I am an enthusiastic cinema fan. As soon as there is a proposition to go to the cinema, I am out of the door. In my excitement I have been known to hush the people in the back, while still standing in line to get tickets. Except for two genres, I love all types of films. The atmosphere of the cinema, the crowds, the anticipation of the showing are all entertaining to me. Now the intention of one going to the cinema is, of course to attend the projection of the film, but I often find that it is not always the film in itself that makes the occasion memorable. Sometimes, it is an incident or a person's actions during the show which leaves an indelible recording on my mind.
The two types of films I refuse to see are horror films and pornographic ones. The reasoning behind that is, for the former, I have been petrified with fear from real life experiences to hold no truck with “Jason versus Freddie” nonsense and with the latter, I deem it unnecessary to watch actors half-heartedly perform when I can participate in the same activity and enjoy it ten-fold for free in the privacy of my own home.
The making or breaking of a positive cinema experience can be determined by whom one is sitting near. Troy was pretty much ruined for me because I happened to sit next to a literature teacher who commented unfavorably on its historical accuracy during the entire performance. I consoled myself by staring at Ulysses, as I tend to favor men with big noses. On the other hand, in late adolescence I was introduced to the Rocky Horror Picture Show . The entire theatre was participating; reenacting, throwing things, screaming comments, singing songs, lighting lighters. Somehow the noise didn't upset me at all, although it did take several viewings to get that “pelvic thrust” just right.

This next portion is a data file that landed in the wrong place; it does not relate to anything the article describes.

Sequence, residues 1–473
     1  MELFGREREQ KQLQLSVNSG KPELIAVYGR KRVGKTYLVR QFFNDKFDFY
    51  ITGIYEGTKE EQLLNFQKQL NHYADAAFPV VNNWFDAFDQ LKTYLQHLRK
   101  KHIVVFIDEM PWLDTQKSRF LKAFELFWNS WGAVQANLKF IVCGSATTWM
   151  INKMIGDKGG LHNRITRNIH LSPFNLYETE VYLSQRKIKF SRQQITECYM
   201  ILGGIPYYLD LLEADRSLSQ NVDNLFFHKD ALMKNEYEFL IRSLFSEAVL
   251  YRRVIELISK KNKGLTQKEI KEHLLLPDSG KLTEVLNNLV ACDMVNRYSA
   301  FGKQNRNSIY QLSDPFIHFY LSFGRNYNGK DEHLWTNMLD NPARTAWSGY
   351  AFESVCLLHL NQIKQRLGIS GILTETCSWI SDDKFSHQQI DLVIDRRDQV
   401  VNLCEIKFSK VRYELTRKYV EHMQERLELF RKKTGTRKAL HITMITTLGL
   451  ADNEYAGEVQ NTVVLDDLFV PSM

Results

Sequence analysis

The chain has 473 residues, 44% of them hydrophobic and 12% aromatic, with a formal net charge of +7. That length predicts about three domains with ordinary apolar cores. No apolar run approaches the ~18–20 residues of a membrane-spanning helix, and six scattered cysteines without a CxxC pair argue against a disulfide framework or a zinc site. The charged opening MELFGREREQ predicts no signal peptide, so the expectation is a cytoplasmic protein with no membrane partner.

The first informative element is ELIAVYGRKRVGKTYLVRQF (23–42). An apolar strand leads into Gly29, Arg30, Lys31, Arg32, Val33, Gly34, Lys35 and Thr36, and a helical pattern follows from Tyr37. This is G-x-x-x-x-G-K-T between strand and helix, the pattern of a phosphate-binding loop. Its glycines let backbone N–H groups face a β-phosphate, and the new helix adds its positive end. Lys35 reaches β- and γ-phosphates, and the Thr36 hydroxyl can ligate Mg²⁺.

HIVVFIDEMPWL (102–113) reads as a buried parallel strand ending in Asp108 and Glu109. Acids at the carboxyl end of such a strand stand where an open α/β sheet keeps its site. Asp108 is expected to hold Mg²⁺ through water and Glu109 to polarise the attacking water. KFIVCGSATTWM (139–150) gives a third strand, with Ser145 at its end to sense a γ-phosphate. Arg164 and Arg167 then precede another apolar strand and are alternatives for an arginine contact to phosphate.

Sometimes, great truths are revealed at the cinema. Many years ago, while watching a James Bond film, I noticed a man “doing something to himself”. At the time, my childish vocabulary didn't include the word “masturbation”, but I had two immediate revelations; one was the understanding of what “a dirty old man in a trench coat” was, heretofore a nebulous albeit distasteful term for me. The second illumination was the intrinsic superiority of women; no woman, I was convinced, could ever do anything so squalid.
Films in themselves have made big impressions on my life. Sayings such as “after all tomorrow is another day” and “as God as my witness, I shall never go hungry again” (GWTW 1939) have been incorporated into my philosophy. Because of what a Health Inspector played by Donald Sutherland found in a chef's cooking pot, I haven't wittingly eaten a caper since the late 1970's (Invasion of the Body Snatchers).
So although my days of dancing the Time Warp in the cinema have been over for almost three decades, my enthusiasm of going to the cinema hasn't died. Forrest Gump says about life and the box of chocolates, “you don't know what you get until you bite into one”; it is just as true for the cinema. Thus my continual return to the box office; I like them all, except for the “mon cherie” ones.
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